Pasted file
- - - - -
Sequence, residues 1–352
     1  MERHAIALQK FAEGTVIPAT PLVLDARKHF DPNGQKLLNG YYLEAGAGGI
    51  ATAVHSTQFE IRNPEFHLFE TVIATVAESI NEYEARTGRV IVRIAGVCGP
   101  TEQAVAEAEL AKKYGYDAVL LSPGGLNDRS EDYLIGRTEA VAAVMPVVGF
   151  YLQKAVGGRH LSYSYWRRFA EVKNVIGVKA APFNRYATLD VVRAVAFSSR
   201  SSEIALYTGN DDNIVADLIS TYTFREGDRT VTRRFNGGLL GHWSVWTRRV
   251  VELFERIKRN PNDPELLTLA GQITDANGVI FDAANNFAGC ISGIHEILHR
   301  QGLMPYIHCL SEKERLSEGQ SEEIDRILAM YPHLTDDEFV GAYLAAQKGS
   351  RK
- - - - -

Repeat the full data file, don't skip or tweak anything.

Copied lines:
Sequence, residues 1–352
     1  MERHAIALQK FAEGTVIPAT PLVLDARKHF DPNGQKLLNG YYLEAGAGGI
    51  ATAVHSTQFE IRNPEFHLFE TVIATVAESI NEYEARTGRV IVRIAGVCGP
   101  TEQAVAEAEL AKKYGYDAVL LSPGGLNDRS EDYLIGRTEA VAAVMPVVGF
   151  YLQKAVGGRH LSYSYWRRFA EVKNVIGVKA APFNRYATLD VVRAVAFSSR
   201  SSEIALYTGN DDNIVADLIS TYTFREGDRT VTRRFNGGLL GHWSVWTRRV
   251  VELFERIKRN PNDPELLTLA GQITDANGVI FDAANNFAGC ISGIHEILHR
   301  QGLMPYIHCL SEKERLSEGQ SEEIDRILAM YPHLTDDEFV GAYLAAQKGS
   351  RK